DPP chief heading to Tokyo next week

ISLAND DISPUTE::The party reiterated its position that the Diaoyutais belong to Taiwan and that the issue should be resolved through diplomatic negotiations

By Chris Wang  /  Staff reporter

Tue, Jan 29, 2013 - Page 3

Democratic Progressive Party (DPP) Chairman Su Tseng-chang (蘇貞昌) is scheduled to visit Tokyo next week, where he will meet Japanese politicians to discuss a wide range of issues, including the dispute over the Diaoyutai Islands (釣魚台), the party announced yesterday.

Su, who will be visiting Japan for the first time since taking the party helm in May last year, is scheduled to arrive on Sunday, Liu Shih-chung (劉世忠), director of the DPP’s Department of International Affairs, told a press conference. He will return to Taiwan the following Thursday.

The trip aims to promote democratic values shares by Taiwan and Japan, strengthen bilateral trade and ensure regional stability, Liu said.

Former representative to Japan Koh Se-kai (許世楷), who currently serves as the party’s international affairs consultant, Liu and Lin Wan-i (林萬億), executive director of the DPP’s think tank, will join Su. The delegation will also include DPP lawmakers Ker Chien-ming (柯建銘), Chiu Yi-ying (邱議瑩), Hsiao Bi-khim (蕭美琴), Chen Ming-wen (陳明文), Tsai Chi-chang (蔡其昌), Wu Ping-jui (吳秉叡) and Lee Kun-tse (李昆澤).

The delegation will meet members of the Japanese Diet’s upper and lower houses and politicians from major political parties, inclduing the ruling Liberal Democratic Party (LDP), the Democratic Party of Japan (DPJ) and the Japan Restoration Party, Liu said.

Also on the itinerary are a visit to the LDP’s think tank and meetings with Taiwanese expatriate groups in Japan.

Responding to a media inquiry, Liu said the dispute over the Diaoyutais was expected to raised by both sides during the visit.

Liu reiterated that the DPP’s position toward the East China Sea dispute has been consistent.

“We’ve maintained that the sovereignty of the Diaoyutais belongs to Taiwan and the dispute should be resolved by diplomatic negotiations. We call for all parties involved to remain calm and we pledge that Taiwan will never collaborate with China in dealing with the Diaoyutais controversy,” Liu said.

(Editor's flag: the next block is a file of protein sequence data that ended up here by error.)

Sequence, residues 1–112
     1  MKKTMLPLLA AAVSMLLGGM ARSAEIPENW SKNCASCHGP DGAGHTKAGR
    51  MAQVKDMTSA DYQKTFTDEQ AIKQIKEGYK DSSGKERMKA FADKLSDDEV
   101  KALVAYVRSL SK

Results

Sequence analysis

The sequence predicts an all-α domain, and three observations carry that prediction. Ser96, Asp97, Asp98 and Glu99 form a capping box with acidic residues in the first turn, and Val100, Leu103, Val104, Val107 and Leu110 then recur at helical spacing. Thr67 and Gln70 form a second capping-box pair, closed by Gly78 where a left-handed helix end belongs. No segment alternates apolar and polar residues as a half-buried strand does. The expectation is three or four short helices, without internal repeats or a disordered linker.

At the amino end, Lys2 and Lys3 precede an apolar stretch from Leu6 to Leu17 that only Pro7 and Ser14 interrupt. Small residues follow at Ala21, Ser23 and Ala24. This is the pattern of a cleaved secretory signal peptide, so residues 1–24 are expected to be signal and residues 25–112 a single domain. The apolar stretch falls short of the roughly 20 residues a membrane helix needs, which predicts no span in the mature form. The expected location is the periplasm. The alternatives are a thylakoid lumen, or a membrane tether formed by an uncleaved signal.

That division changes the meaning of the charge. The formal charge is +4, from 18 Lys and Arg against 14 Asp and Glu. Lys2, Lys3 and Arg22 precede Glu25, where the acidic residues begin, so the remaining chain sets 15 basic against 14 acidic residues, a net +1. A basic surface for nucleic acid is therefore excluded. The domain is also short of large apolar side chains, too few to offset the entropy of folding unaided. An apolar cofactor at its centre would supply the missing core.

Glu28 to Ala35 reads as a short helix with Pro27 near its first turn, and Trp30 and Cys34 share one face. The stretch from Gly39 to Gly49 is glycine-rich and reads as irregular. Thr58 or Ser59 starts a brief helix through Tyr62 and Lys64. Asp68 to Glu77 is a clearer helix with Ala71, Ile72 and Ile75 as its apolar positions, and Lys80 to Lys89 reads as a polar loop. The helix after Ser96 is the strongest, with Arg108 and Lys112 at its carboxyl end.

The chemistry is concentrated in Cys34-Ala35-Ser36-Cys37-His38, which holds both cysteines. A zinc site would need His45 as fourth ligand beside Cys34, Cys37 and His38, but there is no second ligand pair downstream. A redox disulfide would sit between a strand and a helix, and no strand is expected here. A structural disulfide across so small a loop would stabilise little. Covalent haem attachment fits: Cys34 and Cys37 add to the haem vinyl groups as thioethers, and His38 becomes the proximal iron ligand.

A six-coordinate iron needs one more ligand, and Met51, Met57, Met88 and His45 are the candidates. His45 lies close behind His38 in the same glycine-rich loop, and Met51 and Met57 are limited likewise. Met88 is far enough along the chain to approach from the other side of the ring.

He added that the visit had been due to take place earlier in the month, but had been postponed due to the Fury (火大) rally on Jan. 13 and the legislative by-election in Greater Taichung on Saturday.

Meanwhile, Liu said the party regretted that a photograph published by the Chinese-language United Daily News yesterday, showing Su meeting a US congressional delegation led by US House Foreign Affairs Chairman Representative Ed Royce on a high speed train traveling from Taipei to Greater Kaohsiung on Sunday, had been leaked to the press.

Liu said the DPP and the US congressmen had exchanged views on a wide range of bilateral issue in the hour-long meeting on the train and had agreed not to make the news public before the delegation left Taiwan.

The person who leaked the photograph could be a government official, because several had accompanied the delegation on Sunday, Liu said.

Su is scheduled to visit Washington in May or June for the establishment of the party’s US representative office.

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